Do Composite Decks Get Too Hot?

Do Composite Decks Get Too Hot?


There are so many advantages to composite decking.  Home owners spring for the investment because of the value in a maintenance free deck.  Although, all great things come with a few concerns.  One big question buyers ask is if composite decks get too hot.  Given the nature of deck enjoyment, most people like walking barefoot.  In this blog, we investigate one of the common composite deck problems: heat characteristics of composite decking.


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Retaining Heat

All outdoor products face continual heat in the summer.  The sunlight beams down for hours and most materials get hot.  Old above-ground pools for instance, usually had some sort of deck that would burn up in the sun by mid day.  Do you remember the uncomfortable walk from the steps to the pool if the metal deck was dry?  Even wood decks retain heat.  Aside from concrete and grass, it’s hard to find barefoot relief.

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Composite Improvements

Heat build up was one of the original composite deck problems.  Since its first generation, composite has come along way.  Companies listen to their buyers and work to produce improved products year after year.  One solution to heat retention is the capped outer layer.  Capped composite features a protective coating bonded during the manufacturing process.  The capped coating contains UV inhibitors that make the decking more heat resistant.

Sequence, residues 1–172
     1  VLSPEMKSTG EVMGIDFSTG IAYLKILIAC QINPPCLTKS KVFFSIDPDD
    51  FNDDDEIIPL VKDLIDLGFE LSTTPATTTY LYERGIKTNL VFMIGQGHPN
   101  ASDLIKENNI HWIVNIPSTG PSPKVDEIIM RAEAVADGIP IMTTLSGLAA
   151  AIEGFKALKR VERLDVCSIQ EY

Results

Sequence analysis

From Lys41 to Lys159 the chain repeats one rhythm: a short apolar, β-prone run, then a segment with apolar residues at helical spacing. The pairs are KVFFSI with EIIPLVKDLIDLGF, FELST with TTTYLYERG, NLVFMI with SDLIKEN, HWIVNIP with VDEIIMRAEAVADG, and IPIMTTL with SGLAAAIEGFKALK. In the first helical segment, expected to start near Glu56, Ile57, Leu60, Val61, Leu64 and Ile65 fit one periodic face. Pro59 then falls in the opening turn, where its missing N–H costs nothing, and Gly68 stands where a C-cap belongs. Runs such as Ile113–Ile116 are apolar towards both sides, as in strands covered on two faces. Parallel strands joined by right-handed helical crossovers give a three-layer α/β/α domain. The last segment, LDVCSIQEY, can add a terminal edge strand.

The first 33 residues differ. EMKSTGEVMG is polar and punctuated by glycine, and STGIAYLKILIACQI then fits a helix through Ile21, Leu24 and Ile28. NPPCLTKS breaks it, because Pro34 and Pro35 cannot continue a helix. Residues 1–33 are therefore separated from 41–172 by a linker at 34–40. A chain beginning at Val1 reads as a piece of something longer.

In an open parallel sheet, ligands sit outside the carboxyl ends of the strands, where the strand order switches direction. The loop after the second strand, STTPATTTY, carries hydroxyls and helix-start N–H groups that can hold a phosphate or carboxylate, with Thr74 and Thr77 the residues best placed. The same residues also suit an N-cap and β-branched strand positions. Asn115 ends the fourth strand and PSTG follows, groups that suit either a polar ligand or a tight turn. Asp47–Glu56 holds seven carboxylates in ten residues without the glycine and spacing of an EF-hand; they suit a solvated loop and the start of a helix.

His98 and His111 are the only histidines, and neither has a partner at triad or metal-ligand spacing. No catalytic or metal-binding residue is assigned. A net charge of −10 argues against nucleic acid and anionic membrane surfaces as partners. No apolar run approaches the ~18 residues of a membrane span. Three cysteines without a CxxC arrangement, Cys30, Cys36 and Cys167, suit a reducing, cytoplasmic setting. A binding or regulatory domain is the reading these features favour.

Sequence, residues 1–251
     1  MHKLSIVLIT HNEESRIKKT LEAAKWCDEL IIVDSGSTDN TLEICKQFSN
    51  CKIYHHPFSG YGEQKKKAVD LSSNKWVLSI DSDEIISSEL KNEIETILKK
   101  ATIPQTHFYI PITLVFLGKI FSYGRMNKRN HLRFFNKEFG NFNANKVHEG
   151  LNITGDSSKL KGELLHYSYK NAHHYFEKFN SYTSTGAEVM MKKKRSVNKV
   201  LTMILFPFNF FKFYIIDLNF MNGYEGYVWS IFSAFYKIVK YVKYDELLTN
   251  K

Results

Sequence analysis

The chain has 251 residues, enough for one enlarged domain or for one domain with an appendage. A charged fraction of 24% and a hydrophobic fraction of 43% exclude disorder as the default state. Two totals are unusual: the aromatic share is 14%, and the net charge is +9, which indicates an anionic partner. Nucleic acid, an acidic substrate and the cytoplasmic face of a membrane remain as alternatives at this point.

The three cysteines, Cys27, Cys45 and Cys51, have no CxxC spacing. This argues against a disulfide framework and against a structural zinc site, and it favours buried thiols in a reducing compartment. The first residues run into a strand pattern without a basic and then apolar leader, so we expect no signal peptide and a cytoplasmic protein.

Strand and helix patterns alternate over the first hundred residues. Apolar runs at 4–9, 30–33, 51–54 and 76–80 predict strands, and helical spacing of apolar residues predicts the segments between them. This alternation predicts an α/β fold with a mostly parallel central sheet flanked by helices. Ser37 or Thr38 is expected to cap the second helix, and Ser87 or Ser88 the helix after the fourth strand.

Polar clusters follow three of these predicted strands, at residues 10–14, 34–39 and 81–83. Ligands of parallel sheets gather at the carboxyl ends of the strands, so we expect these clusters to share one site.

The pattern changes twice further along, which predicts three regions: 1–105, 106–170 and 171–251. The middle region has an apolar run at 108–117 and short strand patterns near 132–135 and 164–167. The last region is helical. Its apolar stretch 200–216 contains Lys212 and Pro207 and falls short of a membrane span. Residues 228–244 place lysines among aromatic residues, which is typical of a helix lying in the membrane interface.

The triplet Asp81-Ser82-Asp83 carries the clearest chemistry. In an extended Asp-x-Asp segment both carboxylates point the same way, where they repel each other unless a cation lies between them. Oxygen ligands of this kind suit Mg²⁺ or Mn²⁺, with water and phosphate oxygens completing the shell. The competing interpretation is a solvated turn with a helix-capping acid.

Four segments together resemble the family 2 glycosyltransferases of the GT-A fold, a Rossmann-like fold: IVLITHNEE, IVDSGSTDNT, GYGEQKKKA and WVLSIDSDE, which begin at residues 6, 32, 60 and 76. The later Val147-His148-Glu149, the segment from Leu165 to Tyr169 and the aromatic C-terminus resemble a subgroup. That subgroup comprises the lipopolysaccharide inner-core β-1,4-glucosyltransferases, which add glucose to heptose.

Color Matters

Even wood decking get hot after hours of direct sun exposure.  One proven solution to reduce heat retention on decks is to stick with lighter colors.  Studies show that color is the most contributing factor to the amount of heat retained in a material.  Just think about it; black asphalt is always much hotter than white concrete.  Darker colors, regardless of material, will always absorb the heat.  Whereas, lighter colors do better to reflex heat.  Fortunately, composite comes in a large variation of decking colors from multiple brands.  If your backyard gets more than the usual amount of sunlight, consider choosing a light gray or light brown colored decking to reduce the risk of heat retention.  For yards with lots of tree shade, the medium to dark colors are ok.

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